Legal Responses to Transnational and International Crimes
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Legal Responses to Transnational and International Crimes

Towards an Integrative Approach

Edited by Harmen Van der Wilt and Christophe Paulussen

This book critically reflects on the relationship between ‘core crimes’ which make up the subject matter jurisdiction of the International Criminal Court (such as war crimes, crimes against humanity, genocide, and aggression) and transnational crimes. The contributions in the book address the features of several transnational crimes and generally acknowledge that the boundaries between core crimes and transnational crimes are blurring. One of the major questions is whether, in view of this gradual merger of the categories, the distinction in legal regime is still warranted. Should prosecution and trial of transnational crimes be transferred from national to international jurisdictions?
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Chapter 6: Terrorism and the conceptual divide between international and transnational criminal law

Alejandro Chehtman

Abstract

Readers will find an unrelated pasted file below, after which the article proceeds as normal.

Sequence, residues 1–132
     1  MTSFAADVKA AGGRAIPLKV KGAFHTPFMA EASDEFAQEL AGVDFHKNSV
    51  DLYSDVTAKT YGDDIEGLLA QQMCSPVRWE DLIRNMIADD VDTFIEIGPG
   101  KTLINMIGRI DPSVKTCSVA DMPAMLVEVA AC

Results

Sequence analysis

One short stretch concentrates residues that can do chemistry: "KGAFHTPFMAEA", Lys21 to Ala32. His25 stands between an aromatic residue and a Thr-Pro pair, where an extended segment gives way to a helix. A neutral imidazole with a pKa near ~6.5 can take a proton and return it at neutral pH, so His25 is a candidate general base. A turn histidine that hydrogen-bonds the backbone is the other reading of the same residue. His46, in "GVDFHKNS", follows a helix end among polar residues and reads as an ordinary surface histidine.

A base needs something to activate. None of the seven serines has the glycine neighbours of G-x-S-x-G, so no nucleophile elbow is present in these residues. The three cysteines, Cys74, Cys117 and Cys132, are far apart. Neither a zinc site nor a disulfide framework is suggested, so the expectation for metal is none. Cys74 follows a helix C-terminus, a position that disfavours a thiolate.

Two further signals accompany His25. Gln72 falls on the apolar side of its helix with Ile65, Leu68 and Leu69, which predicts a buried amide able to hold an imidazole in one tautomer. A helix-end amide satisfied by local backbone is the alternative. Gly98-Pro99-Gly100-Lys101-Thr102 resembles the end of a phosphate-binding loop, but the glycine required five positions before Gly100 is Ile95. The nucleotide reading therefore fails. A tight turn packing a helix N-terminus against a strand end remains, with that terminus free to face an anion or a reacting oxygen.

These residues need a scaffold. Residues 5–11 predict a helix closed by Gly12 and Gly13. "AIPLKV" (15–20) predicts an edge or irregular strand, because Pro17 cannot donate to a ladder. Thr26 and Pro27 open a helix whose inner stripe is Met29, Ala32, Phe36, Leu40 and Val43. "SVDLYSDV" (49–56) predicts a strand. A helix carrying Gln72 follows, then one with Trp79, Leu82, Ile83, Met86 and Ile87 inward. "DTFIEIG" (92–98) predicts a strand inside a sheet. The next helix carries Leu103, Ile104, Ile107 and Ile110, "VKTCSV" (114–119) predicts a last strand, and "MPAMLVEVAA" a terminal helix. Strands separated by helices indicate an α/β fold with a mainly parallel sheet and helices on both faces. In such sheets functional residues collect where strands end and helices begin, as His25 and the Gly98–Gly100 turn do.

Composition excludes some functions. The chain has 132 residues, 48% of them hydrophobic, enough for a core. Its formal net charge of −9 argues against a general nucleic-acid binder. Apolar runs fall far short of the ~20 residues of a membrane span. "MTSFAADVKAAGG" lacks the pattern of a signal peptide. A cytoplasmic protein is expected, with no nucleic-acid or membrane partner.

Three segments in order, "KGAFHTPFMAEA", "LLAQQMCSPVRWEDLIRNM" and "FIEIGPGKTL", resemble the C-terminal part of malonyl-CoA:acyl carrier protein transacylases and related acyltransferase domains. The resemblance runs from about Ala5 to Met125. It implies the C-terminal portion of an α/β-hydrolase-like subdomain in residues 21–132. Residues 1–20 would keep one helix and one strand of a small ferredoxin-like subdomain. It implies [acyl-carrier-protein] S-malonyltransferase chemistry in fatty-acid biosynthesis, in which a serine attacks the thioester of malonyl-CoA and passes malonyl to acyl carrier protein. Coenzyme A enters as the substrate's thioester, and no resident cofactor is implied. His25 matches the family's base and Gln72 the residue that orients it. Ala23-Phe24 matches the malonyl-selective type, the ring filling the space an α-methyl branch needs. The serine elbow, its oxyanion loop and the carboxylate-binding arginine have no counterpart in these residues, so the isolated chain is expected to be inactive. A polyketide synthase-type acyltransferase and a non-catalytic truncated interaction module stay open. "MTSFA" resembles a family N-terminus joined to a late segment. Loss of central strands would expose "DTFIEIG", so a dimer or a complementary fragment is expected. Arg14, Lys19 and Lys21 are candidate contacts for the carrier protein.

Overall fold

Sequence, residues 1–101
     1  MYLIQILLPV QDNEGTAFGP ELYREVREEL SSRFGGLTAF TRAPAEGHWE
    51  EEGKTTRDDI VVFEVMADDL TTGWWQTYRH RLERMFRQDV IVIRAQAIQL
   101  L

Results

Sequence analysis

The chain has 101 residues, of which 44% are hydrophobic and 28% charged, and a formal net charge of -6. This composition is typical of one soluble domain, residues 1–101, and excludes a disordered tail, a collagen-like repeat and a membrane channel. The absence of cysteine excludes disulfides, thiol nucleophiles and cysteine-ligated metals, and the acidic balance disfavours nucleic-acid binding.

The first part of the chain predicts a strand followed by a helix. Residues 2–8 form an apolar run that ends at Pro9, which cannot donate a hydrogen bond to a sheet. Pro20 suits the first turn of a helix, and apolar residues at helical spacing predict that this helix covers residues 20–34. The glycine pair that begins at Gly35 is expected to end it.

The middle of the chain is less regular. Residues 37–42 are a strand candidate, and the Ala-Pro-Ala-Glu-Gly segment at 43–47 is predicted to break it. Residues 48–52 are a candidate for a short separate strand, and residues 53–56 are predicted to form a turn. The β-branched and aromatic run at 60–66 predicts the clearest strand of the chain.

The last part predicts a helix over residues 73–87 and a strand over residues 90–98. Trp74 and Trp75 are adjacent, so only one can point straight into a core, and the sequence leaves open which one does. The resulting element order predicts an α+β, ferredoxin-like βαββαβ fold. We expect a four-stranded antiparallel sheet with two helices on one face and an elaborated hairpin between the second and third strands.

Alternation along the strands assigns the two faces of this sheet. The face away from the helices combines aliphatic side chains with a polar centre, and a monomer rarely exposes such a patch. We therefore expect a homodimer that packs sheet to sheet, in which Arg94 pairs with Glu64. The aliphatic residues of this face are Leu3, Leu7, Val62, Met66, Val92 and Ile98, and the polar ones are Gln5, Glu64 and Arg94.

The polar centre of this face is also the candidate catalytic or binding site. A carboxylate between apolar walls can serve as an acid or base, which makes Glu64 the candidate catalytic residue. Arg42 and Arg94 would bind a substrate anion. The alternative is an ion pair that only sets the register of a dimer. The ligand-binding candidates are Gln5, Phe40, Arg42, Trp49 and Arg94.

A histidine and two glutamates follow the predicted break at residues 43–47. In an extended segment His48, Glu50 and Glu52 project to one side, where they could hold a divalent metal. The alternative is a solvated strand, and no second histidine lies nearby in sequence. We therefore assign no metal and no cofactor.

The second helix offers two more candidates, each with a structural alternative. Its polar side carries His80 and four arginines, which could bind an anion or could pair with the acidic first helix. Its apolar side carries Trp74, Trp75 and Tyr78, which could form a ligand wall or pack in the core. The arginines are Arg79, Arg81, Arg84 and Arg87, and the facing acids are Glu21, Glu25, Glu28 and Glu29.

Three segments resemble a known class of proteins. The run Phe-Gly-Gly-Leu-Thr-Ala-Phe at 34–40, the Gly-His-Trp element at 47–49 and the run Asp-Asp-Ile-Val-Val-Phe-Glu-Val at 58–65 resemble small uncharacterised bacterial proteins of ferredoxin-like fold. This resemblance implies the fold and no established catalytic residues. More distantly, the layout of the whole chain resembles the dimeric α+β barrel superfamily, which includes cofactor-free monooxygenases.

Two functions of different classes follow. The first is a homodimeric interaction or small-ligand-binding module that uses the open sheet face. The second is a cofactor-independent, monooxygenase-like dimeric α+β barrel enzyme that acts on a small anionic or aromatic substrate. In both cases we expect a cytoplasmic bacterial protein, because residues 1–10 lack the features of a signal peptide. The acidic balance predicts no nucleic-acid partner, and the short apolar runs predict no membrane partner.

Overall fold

Whether terrorism should be conceptualised as a transnational or international crime is a deeply contested issue in contemporary international law. What is more interesting, the terms of the debate are made significantly more difficult by the fact that the adequate distinction between these categories is itself a matter of controversy. This chapter provides an answer to this question by precisely clarifying the conceptual and normative faultlines between domestic, transnational and international criminal law. Accordingly, it first provides a conceptual analysis of these categories and suggests that the key distinction between them is jurisdictional, i.e. it concerns the scope of states’ right to punish them. On this basis, it examines where terrorism fits in these categories and why. Unsurprisingly, the chapter argues that terrorist acts do not fit in one category only. The chapter distinguishes four ‘varieties’ of terrorism which are conceptualised along two axes, i.e., national and cross-border terrorism, and state terrorism and terrorism conducted by non-state groups. Ultimately, it concludes that while the majority of terrorist acts conducted by non-state groups belong to the province of transnational criminal law, the majority of those perpetrated by state authorities should be conceptualised as core crimes of international criminal law. But what is more important, the chapter proposes a substantive criterion to explain why any such act should belong in one category or the other.

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